Your welcome, earth.
In other news, here is how I spent the past week:
Vegetables in Thai Red Curry: It surprised me how much I liked this one. The red curry is really easy to make, and then you can throw down whatever veggies trip your trigger. I stuck with the recipe right up to the point where they said "mushrooms," and substituted baby corns. Totally the right decision.
Red Lipstick's Egg Whatever: One of my half-dozen or so roommates in college, Red Lipstick, showed me how to make this one. Butter bread. Cut a hole in the middle. Crack an egg into the center. Cook until egg is done. It's like grilled cheese, minus the cheese, plus egg. So good.
I don't have this often, and obviously it isn't hard. I've learned a few tricks in the years I've spent putting my own touch on this:
1. Use the cap from a spray can of Pam, or whatever pan-unsticker you use, to cut the hole in the middle, in the absence of a cookie cutter.
2. Don't discard those butter circles you remove. They are good for dabbing at the yoke.
3. Make sure you use nonstick spray in addition to buttering the bread.
4. Don't ever make this for anyone, unless you want to make it again and again and again.
5. Make a big effing deal about this on the Internet so everyone knows you are a one-trick pony.
But whenever I have it I think of Red Lipstick. This was perfect because today is her birthday.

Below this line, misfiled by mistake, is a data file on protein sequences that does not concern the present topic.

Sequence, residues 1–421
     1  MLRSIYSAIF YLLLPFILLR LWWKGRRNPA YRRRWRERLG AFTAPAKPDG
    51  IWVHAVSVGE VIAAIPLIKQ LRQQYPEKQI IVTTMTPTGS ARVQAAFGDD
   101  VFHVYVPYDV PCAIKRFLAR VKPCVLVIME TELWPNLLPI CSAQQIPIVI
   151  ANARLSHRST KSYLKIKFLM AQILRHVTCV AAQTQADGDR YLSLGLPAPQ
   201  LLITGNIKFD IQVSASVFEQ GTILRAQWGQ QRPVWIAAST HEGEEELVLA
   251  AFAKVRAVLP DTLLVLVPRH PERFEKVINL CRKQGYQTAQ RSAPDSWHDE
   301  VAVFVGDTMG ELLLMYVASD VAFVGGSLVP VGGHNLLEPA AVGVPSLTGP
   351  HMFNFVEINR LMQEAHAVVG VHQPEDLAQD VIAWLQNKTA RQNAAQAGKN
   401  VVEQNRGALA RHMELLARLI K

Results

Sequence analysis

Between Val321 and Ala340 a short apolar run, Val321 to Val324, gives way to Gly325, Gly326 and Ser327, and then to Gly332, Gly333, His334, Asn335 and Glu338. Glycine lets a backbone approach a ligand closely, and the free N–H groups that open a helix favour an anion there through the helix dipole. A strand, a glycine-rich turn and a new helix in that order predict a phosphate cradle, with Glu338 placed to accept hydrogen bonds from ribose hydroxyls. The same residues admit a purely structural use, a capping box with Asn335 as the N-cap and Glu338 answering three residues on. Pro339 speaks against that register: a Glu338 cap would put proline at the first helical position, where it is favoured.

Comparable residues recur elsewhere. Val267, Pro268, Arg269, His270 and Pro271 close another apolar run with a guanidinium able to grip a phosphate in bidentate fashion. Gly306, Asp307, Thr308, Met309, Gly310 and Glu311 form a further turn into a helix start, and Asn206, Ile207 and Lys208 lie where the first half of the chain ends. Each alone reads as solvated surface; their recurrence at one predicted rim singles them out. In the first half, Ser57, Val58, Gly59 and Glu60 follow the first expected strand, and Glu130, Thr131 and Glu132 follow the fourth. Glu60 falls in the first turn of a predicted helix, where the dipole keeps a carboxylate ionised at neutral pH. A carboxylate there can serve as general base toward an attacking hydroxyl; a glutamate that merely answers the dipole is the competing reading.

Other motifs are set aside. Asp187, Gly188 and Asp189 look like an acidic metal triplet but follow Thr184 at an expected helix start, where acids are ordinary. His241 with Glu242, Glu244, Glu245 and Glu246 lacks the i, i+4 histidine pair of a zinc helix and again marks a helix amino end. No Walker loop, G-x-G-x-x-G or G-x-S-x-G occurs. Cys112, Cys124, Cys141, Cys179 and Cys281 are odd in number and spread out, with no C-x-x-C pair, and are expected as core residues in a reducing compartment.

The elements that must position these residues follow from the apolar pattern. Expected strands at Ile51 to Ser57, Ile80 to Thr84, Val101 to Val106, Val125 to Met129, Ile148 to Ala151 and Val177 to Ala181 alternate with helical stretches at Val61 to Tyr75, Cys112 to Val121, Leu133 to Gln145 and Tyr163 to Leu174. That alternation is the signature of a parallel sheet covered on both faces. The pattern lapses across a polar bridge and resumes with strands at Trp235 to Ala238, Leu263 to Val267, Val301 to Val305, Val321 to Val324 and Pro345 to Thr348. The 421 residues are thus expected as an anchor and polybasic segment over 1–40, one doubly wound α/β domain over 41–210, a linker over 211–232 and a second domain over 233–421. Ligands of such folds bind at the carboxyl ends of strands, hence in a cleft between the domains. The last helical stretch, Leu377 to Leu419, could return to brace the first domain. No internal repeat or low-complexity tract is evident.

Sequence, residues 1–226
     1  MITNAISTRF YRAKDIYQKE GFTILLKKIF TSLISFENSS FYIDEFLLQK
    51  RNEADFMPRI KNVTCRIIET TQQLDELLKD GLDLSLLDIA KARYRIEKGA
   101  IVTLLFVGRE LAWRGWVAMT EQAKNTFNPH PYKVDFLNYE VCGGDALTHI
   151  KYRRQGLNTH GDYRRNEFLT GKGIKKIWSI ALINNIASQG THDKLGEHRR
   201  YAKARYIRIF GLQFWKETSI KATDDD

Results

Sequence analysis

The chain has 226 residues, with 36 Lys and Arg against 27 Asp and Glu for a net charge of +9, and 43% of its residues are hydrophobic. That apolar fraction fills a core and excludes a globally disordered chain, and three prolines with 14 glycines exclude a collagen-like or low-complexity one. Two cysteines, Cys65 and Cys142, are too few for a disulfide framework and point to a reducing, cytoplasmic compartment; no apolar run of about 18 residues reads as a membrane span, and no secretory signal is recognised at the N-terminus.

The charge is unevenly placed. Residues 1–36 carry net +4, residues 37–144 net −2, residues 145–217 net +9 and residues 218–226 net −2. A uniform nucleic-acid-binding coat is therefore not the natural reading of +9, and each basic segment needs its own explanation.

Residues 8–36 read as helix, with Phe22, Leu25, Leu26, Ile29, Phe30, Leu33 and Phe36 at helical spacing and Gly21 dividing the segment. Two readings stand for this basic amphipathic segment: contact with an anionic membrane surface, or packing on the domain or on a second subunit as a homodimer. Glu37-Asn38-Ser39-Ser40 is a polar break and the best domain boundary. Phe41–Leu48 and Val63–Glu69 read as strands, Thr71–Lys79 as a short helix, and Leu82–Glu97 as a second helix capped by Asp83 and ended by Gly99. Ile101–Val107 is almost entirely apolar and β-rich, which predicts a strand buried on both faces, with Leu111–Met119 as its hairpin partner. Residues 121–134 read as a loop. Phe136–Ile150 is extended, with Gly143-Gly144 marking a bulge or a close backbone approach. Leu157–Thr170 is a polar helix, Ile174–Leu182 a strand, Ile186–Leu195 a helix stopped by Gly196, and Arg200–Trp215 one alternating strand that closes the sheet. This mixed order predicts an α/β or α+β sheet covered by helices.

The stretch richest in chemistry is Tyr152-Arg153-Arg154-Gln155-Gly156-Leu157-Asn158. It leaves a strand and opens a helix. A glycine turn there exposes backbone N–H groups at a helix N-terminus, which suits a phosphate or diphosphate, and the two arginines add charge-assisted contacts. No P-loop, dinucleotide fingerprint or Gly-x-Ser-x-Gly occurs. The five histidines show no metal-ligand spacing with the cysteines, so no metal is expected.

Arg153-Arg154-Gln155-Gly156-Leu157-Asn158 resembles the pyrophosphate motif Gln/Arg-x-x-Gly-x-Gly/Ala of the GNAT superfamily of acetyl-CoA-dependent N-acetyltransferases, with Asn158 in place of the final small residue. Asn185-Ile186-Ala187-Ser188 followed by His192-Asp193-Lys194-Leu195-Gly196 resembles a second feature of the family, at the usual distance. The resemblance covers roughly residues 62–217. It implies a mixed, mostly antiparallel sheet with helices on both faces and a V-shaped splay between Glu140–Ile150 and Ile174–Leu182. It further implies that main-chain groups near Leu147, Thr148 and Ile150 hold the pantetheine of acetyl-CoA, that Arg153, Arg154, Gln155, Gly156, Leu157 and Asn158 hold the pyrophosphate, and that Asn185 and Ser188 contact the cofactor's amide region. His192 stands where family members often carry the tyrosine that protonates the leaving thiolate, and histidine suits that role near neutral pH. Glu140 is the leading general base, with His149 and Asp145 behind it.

Happy Birthday, Red!
Millions Chuck summed this one up pretty well: "This is the kind of movie you're allowed to watch in the gym on the last day of school." Not so hot, but super hokey.
[Rec]: Here is another flick from the Blair Witch hand-held horror genre. This one stars a plucky pigtailed reporter who is doing a series on people who work at night. In this episode, she and her cameraman Juan are following firefighters. Things are slow, and her subjects are playing pick-up hoops or sleeping when they get called to an apartment building where a reclusive old woman is losing her shit. Once they get in, they aren't allowed out. The building is quarantined, and one by one, everyone is attacked by a fresh zombie with herculean strength. Awesome.
The Republic of Love by Carol Shields: Whenever I open a book by Carol Shields, I prepare myself to walk into a folksy Midwest version of The Ya-Ya Sisterhood, starring sassy old biddies who turn scrapbooking a full-contact sport.
I’m not sure where I got the idea that she writes Hot Flash Fiction, but I’m always wrong, and I’ve never been more pleasantly surprised by a book than I was by her 1994 novel The Republic of Love.
Bits of the lives of the two main characters, Fay and Tom, are revealed in alternating chapters. Fay is a folklorist with an emphasis in mermaid-ology, who has recently broken up with another in a long line of longterm boyfriends. She wakes up one day and realizes she doesn’t love Peter anymore, and ends things amicably. She relishes the idea of making just a single serving of toast.
Tom, a popular third-shift DJ, half-assed runner, frequent cafe diner, is thrice divorced, which he blames on a string of bad luck. He’s been attending newly single classes for two years.
Full review here.